Saturday, August 15, 2009

Taking up Space

While I was watching the town hall coverage this morning (which I won't start on until I'm calmer about it), I saw two commercials I knew I needed to write about.

The first was for MultiGrain Cheerios, which I rather enjoy, but the commercial and ad campaign includes this slogan:

It's a prime segue into one of my biggest feminist thought bugs: taking up space. It's pretty common fodder in the thought process of a feminist-thinking person that women are discouraged from taking up space. It's in the weight loss thing, but also in so many other ways. As a woman, I am conscious of my tendency to step to the side of the sidewalk when someone is passing, for example. Women will frequently step aside for me, as well, but men do not. Men tend to assume their space is theirs while they occupy it, whereas women assume their space is common to everyone and are more likely to give it up. I am constantly aware of the amount of space I take up, and not just as myself but in comparison to others. Leg crossing is an example of the impulse to shrink ourselves into as much space as possible (despite the fact that it's no more comfortable for a woman to do so than that man sitting with his legs splayed).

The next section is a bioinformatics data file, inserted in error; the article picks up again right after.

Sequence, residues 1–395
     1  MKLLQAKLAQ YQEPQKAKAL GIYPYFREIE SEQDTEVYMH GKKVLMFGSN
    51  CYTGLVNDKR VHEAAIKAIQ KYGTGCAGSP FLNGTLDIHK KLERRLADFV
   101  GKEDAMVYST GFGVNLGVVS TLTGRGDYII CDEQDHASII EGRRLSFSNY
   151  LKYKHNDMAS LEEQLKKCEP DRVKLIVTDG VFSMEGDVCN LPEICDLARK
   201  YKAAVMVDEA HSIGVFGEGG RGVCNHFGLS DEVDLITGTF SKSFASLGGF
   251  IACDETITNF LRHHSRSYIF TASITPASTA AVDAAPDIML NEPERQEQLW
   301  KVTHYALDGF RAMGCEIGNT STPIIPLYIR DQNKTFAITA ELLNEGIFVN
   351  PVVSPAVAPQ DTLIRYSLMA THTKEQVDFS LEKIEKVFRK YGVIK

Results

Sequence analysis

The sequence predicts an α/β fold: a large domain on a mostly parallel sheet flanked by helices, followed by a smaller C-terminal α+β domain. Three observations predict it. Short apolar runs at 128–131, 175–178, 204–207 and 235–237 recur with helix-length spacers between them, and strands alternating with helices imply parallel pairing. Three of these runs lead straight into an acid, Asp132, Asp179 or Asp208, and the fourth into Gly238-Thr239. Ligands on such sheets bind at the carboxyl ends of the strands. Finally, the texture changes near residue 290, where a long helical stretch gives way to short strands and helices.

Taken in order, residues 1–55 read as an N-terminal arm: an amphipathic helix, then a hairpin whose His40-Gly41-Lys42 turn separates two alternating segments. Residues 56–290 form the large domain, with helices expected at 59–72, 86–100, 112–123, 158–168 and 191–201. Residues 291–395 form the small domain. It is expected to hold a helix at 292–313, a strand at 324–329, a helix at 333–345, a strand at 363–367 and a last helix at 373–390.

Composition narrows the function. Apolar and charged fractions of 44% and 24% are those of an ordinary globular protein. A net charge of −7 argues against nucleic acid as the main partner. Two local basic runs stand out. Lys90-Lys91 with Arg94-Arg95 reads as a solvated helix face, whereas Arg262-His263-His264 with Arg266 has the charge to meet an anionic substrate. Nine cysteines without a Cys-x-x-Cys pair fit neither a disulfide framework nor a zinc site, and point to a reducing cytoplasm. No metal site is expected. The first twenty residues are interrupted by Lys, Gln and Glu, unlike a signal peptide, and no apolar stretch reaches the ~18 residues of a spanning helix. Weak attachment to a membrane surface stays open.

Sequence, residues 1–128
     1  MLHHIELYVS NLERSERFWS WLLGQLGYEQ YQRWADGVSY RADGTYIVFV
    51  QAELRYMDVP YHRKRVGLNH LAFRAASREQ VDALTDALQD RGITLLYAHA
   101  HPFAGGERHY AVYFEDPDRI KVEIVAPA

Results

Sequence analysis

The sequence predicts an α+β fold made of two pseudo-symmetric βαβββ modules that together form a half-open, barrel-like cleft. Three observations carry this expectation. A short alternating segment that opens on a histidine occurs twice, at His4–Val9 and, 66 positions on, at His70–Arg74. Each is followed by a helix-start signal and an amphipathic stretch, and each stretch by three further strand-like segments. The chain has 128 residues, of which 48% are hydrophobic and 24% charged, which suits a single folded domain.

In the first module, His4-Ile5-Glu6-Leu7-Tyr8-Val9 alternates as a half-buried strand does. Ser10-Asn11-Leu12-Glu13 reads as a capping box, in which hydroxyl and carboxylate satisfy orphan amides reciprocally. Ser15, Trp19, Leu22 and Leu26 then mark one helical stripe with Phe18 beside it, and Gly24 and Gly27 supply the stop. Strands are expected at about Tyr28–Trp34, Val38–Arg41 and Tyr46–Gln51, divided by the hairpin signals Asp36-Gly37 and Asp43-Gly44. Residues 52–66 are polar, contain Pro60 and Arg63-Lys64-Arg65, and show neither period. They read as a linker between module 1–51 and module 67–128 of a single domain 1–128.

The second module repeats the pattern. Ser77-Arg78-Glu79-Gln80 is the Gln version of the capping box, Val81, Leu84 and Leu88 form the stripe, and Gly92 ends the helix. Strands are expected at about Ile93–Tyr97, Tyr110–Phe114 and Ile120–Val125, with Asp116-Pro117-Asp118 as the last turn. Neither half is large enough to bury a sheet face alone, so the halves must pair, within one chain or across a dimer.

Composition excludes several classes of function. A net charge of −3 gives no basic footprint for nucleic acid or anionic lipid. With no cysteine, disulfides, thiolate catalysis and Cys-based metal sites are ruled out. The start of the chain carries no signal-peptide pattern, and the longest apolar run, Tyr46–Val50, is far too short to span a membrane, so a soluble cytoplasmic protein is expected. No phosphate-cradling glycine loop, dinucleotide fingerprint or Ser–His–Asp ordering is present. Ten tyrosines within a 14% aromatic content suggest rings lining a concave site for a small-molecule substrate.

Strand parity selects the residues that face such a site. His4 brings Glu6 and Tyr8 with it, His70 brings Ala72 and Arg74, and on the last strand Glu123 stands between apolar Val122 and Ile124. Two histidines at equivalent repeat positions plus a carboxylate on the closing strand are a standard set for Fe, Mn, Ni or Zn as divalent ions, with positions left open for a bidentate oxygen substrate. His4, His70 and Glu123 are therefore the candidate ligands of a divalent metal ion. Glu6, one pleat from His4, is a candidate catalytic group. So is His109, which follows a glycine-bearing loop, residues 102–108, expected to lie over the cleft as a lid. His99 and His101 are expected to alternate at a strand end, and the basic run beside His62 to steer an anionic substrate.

As a project for a sociology class once, I was asked to break several folkways. Most people did silly things; we all had to choose three, and admittedly one of mine was to walk backwards. The second, I made eye contact in elevators. The primary one, however, was to refuse to step aside on the sidewalk. I did not take up more than the right side of the path; I did not walk arm-in-arm or anything that would otherwise make my passage awkward for others. I simply refused to step off the path to let others pass me.

At best, I got dirty looks. I was called a bitch, I was shoulder-bumped. It was unpleasant at best, and not only that, but it made me immensely uncomfortable to try it. To simply walk on the path, when others were approaching, made me uncomfortable.

To me, that says something.
As does an add that encourages women to eat a food that creates "less you."

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